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Mullen irked by China’s response to North Korea
Cites ‘tepid’ backing for global criticism
Question of the Day
President Obama’s most senior military adviser said Wednesday that he was dismayed by China’s failure to support U.S. and allied calls for punishing North Korea over its sinking of a South Korean warship.
“I have been encouraged by public statements made recently by Chinese leaders as to the seriousness of this incident and the need for accountability, and yet dismayed by a fairly tepid response to calls by the international community for support,” Adm. Mike Mullen, chairman of the Joint Chiefs of Staff, said in a speech to the Asia Society.
A copy of his prepared remarks was obtained by The Washington Times.
Adm. Mullen called China a rising regional leader but criticized Beijing for failing to work together with the United States to promote regional stability.
China’s recent rejection of military-to-military contact is “particularly disappointing,” he said because it is preventing the chance for the two militaries to “listen and learn about each other.”
However, Adm. Mullen said he is concerned by the disconnect between China’s stated military intentions and its rapid military buildup of high-technology weapons, including “anti-access” weapons designed to attack U.S. warships and other weapons needed to provide security in the Asian Pacific.
China’s “heavy investments of late in modern, expeditionary maritime and air capabilities seems oddly out of step with their stated goal of territorial defense,” Adm. Mullen said.
“Every nation has a right to defend itself, and to spend as it sees fit for that purpose,” he said. “But a gap as wide as what seems to be forming between China’s stated intent and its military programs leaves me more than curious about the end result. Indeed, I have moved from being curious to being genuinely concerned.”
Adm. Mullen’s comments on China followed a sharp exchange between a Chinese general and Defense Secretary Robert M. Gates in Singapore last week.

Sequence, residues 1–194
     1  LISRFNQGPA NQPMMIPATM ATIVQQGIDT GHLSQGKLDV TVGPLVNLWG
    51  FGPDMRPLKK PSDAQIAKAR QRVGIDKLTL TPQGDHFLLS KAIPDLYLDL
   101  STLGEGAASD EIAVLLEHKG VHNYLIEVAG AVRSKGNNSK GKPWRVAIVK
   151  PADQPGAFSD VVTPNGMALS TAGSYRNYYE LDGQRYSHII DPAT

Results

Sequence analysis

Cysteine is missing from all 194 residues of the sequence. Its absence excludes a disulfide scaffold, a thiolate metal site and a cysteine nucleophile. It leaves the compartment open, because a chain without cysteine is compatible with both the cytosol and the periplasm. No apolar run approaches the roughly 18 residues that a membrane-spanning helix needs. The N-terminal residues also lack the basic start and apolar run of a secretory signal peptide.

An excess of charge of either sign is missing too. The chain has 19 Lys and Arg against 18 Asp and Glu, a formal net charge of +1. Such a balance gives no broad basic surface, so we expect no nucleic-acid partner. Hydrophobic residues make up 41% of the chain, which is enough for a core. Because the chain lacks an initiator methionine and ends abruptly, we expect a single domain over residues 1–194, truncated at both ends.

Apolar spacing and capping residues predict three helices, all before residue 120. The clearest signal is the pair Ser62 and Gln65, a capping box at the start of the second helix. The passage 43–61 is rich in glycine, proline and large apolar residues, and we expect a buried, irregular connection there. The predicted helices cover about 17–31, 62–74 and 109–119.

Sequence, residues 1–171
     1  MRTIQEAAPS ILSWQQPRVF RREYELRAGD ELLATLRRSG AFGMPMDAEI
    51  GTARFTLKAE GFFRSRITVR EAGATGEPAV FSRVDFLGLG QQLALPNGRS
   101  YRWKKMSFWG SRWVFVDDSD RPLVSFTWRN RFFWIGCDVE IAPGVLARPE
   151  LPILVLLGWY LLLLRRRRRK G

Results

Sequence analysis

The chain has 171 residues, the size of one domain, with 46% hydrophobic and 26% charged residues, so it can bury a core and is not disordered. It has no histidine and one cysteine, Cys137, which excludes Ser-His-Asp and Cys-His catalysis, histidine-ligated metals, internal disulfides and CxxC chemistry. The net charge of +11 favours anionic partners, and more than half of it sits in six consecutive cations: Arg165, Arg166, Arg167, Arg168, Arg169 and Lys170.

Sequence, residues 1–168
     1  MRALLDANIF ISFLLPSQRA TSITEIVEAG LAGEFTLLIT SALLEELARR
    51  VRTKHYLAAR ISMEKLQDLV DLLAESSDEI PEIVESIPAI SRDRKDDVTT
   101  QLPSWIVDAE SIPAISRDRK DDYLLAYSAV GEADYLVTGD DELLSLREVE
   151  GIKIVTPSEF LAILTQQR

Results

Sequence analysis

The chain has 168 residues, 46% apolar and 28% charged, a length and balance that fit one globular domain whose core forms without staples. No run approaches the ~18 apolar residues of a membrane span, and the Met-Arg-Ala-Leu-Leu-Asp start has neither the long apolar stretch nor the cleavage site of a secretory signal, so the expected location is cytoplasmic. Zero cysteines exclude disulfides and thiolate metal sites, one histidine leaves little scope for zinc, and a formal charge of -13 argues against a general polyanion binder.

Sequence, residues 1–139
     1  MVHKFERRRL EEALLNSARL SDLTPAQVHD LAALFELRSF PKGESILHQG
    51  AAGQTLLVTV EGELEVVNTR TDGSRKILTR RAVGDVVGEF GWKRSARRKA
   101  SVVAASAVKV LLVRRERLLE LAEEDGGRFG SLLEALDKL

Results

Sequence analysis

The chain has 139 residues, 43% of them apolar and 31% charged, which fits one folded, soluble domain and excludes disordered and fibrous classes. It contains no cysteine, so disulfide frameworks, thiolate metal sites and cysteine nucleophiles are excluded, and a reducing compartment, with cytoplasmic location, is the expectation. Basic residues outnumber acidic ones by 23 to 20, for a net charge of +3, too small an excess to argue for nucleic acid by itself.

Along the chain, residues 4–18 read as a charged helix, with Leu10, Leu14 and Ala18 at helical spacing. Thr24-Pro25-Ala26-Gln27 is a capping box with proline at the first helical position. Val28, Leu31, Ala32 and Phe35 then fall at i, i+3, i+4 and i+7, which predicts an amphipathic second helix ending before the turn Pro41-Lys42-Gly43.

Chinese Gen. Zhu Chenghu, a leader of the Chinese National Defense University, criticized Mr. Gates comments about U.S. arms sales to Taiwan, saying the weapons transfers are part of a U.S. effort to “take the Chinese as an enemy.”
Gen. Zhu, who once announced that China would use nuclear weapons to retaliate against any U.S. conventional precision missile strikes, also said there are “controversial views” on who sank the South Korean ship Cheonan, despite an international investigation that concluded a North Korean submarine fired a torpedo that sank the coastal partol ship, killing 46 sailors in March.
Adm. Mullen said “the North Korean attack on a South Korean warship this spring was not only an egregious breach of the fragile peace on that peninsula, but also yet another example of the sort of provocation and pre-meditation with which the North’s regime continues to isolate itself and threaten its neighbors.”
“We in the United States military stand firmly by our allies in the Republic of Korea and will move forward, in keeping with international agreements, to demonstrate that solidarity in coming weeks,” he said.
The admiral said U.S. military forces currently are “planning maritime exercises to sharpen skills and strengthen collective defenses.”
Defense officials said one option will be to dispatch the aircraft carrier strike group headed by the USS George Washington to waters near the Korean Peninsula for the exercises.
© Copyright 2014 The Washington Times, LLC. Click here for reprint permission.
About the Author
Bill Gertz is a national security columnist for The Washington Times and senior editor at The Washington Free Beacon (www.freebeacon.com). He has been with The Times since 1985.
He is the author of six books, four of them national best-sellers. His latest book, “The Failure Factory,” on government bureaucracy and national security, was published in September 2008.
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